The Dangers of Gate Damage

April 1, 2003

3 Min Read
The Dangers of Gate Damage

Self-storage owners purchase automatic access-control gates to heighten the security of their premises and the safety of their tenants' goods. Customers feel assured about storing their possessions in a gated facility because gates are great devices for deterring potential burglars and vandals. Various insurance programs will even discount premiums for storage owners who have a fenced property with an access-control gate. But the equipment must be properly maintained; otherwise, it can become a risk of loss and even a liability itself.

Vehicle damage and bodily injury caused by defective gates are some of the most frequently reported insurance claims. Gate damage isn't considered as a severe loss like fire; but if it happens consistently, it is considered a frequency loss and can be just as costly. If your insurance company had to pay out a large number of gate-damage claims, this could result in higher insurance premiums.

Typically, when a gate malfunctions, it closes prematurely and hits or entraps a vehicle, causing dents, scratches, broken windows and side mirrors, and possibly injuries. In one example, a tenant was driving through a self-storage entry gate when it closed before he could completely enter the property. It trapped the truck between its steel bars, scratched the paint and dented the side door. When the customer tried to pull the gate away from the truck, it wouldn't give. It was lucky his son, who was sitting in the passenger seat, had his arms and hands inside the truck when the gate closed as they could easily have been crushed. In another claim, a woman parked her car under a vertical gate while loading items from her storage unit. The gate slammed down and smashed the windshield. Her daughter, who was sitting in the back seat, suffered an eye injury when a piece of glass from the windshield shot into her eye.

Decreasing Risk

Mechanical devices carry the risk of malfunctioning from time to time, but preventive maintenance and common sense will help keep your gate in top working order. The following are some guidelines for properly maintaining access-control gates and keeping customers safe:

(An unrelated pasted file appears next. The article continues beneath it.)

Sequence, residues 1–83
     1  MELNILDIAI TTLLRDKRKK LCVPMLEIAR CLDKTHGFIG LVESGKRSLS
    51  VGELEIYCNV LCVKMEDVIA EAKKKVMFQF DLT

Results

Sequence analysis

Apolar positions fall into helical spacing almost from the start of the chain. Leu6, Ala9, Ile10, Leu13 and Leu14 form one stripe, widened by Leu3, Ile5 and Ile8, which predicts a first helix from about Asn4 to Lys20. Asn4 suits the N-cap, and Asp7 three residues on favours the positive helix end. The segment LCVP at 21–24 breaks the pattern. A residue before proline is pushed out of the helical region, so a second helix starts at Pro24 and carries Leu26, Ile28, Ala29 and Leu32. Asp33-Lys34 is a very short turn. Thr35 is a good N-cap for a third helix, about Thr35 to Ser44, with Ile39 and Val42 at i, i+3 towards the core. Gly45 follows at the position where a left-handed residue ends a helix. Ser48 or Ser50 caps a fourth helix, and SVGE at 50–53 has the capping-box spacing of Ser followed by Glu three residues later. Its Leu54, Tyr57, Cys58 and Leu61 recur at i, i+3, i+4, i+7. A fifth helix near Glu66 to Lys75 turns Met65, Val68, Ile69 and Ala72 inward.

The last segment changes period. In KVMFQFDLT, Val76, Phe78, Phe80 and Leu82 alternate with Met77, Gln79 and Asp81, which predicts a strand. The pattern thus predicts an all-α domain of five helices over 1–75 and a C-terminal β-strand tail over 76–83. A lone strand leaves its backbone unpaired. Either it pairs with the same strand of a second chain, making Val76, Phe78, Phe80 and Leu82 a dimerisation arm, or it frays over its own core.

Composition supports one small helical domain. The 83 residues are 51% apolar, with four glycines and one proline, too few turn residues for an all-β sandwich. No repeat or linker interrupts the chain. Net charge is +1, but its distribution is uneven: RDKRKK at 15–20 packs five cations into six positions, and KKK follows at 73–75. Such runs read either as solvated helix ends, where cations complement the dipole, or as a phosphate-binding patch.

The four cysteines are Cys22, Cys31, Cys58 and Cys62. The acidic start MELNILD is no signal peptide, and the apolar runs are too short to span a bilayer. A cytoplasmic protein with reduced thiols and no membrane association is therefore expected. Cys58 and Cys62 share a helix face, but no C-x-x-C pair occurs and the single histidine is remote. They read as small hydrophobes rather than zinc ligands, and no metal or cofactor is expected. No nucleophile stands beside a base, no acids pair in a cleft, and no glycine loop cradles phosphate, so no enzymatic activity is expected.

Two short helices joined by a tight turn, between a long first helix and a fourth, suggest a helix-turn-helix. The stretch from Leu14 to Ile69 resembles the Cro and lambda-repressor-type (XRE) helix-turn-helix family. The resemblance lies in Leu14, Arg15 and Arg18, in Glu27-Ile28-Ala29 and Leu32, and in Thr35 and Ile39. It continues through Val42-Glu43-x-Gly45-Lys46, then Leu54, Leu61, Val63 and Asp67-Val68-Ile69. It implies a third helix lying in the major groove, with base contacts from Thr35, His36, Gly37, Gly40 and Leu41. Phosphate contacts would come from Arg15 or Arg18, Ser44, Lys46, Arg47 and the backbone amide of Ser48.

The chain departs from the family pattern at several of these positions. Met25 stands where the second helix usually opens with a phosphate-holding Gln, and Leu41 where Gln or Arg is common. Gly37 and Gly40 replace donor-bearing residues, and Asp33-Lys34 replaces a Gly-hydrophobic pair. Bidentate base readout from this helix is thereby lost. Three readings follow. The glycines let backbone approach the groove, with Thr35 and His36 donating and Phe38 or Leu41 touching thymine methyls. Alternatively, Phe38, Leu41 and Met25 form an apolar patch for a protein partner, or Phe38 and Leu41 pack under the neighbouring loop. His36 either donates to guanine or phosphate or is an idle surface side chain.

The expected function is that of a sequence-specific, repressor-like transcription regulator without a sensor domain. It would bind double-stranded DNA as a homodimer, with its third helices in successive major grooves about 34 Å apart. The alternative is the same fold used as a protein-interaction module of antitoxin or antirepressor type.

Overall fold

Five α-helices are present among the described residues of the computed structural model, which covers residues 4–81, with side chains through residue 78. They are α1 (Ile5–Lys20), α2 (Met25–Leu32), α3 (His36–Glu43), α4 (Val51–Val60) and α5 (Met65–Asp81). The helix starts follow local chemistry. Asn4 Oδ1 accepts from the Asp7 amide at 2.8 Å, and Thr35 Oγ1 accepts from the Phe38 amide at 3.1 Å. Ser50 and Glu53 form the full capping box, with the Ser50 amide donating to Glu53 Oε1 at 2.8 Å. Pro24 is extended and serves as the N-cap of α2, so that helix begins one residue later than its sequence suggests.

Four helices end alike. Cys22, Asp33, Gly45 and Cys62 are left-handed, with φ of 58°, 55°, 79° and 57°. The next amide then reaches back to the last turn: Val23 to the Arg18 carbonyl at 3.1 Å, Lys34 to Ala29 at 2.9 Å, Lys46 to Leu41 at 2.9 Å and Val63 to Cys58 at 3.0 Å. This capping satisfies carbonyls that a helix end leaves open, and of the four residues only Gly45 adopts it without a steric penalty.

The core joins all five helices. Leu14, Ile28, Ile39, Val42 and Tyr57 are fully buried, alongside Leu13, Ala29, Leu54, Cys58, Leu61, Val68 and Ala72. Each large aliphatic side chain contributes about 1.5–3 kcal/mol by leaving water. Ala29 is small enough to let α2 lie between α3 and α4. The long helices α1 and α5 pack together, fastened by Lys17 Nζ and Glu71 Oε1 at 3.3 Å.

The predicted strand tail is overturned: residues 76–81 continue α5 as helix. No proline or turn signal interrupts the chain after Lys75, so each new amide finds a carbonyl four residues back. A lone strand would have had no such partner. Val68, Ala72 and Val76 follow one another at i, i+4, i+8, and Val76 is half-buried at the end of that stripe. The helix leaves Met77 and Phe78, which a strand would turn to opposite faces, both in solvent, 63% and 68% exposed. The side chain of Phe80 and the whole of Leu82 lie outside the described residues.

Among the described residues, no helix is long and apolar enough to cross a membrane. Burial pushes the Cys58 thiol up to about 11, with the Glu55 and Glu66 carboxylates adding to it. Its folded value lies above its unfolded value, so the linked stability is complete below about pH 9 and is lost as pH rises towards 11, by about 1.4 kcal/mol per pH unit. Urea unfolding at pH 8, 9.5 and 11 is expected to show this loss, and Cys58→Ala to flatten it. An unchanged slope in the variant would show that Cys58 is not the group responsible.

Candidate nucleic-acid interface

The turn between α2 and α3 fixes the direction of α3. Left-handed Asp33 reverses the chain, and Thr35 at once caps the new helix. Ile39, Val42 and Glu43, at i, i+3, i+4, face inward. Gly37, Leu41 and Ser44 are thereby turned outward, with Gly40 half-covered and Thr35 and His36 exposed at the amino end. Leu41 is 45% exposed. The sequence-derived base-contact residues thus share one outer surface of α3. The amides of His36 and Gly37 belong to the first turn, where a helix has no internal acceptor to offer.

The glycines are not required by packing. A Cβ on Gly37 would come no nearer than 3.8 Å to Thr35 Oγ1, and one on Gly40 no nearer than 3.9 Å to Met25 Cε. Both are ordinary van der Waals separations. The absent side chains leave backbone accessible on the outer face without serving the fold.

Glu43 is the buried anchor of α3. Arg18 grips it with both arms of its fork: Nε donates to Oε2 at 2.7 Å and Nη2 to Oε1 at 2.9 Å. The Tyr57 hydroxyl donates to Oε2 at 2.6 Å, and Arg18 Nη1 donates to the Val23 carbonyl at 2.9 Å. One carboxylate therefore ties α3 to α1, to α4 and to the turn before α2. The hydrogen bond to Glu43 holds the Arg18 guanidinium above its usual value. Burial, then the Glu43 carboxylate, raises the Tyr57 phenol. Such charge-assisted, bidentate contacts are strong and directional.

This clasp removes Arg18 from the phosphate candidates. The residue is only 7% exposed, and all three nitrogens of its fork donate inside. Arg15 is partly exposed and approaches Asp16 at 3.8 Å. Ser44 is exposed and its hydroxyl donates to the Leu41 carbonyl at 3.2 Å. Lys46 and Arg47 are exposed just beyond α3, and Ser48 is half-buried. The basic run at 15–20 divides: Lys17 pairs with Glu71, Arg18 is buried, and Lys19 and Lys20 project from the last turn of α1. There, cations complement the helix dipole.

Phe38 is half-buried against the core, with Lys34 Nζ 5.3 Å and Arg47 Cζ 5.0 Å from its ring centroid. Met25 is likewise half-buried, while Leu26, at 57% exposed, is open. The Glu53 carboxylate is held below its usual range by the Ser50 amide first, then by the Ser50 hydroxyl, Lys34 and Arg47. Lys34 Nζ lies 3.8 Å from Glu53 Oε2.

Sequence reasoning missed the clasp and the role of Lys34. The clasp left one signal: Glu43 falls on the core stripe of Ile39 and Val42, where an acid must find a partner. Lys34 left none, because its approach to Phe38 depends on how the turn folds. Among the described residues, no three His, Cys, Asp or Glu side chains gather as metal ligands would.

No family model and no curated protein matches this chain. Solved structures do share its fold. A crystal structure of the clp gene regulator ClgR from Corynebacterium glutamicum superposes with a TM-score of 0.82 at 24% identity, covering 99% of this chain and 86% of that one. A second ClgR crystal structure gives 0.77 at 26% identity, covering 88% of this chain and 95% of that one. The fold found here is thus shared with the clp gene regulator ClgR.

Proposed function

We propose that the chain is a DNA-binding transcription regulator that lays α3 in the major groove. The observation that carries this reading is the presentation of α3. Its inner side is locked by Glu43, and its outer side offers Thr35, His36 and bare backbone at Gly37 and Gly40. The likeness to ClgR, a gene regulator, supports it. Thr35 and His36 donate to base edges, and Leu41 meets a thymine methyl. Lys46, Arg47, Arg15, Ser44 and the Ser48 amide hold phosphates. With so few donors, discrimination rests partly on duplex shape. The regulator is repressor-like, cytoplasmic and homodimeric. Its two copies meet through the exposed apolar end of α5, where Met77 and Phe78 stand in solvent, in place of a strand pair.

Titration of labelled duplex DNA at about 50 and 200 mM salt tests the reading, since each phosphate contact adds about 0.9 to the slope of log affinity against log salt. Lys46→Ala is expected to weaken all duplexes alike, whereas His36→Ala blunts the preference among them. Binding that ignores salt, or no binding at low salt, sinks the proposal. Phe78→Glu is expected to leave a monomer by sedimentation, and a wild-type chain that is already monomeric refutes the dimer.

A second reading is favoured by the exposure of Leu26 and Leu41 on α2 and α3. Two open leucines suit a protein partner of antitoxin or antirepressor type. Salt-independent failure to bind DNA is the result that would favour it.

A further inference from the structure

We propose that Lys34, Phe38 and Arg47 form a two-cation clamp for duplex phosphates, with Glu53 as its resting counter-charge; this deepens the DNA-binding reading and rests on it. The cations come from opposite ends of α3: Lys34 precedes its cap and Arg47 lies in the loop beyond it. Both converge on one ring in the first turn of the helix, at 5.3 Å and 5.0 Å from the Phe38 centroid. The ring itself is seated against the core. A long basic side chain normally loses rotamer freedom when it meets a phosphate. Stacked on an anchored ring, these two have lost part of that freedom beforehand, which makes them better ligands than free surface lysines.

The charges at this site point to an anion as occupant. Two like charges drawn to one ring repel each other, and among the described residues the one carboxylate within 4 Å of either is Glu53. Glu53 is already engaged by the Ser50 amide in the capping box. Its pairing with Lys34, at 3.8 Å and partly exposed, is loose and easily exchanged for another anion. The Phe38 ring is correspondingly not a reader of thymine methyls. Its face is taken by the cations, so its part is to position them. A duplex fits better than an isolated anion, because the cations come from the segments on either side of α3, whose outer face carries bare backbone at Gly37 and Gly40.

• Display all warning signs provided with your gate, making them visible on each side.

  • Automatic gates are not for pedestrian use. Keep the front and back of gate areas clear, and do not allow children to play near them. A separate pedestrian gate is recommended for areas accessed by people on foot.

  • Contact a trained technician to maintain and repair the gate system. Never attempt to repair the gate yourself.

  • Keep and refer to the installation and maintenance manual and safety instructions.

  • Keep a record of all inspections and maintenance performed.

  • Have all gate functions and gate movement checked on a routine basis.

  • Do not use the gate if it operates improperly, is damaged or is difficult to move.

  • Do not overtighten the operator clutch or any other devices to compensate for a stiff or damaged gate.

Additional Facts to Consider

Gate malfunction is a good example of why storage owners may want to consider taking out higher limits of business-liability insurance. Business liability provides protection against bodily-injury and property-damage claims. If you were found liable in a lawsuit, business liability would cover the sums you would be legally responsible to pay--up to the limits of the policy. As with car insurance, it is good practice to take out higher limits of liability in case a disaster does occur and you find yourself in the middle of a pricey lawsuit. It protects your business, your assets and your peace of mind.

Universal Insurance Facilities Ltd. offers a comprehensive package of coverages specifically designed to meet the needs of the self-storage industry. For more information, or to get a quick, no-obligation quote, write P.O. Box 40079, Phoenix, AZ 85067-0079; call 800.844.2101; fax 480.970.6240; e-mail [email protected]; visit

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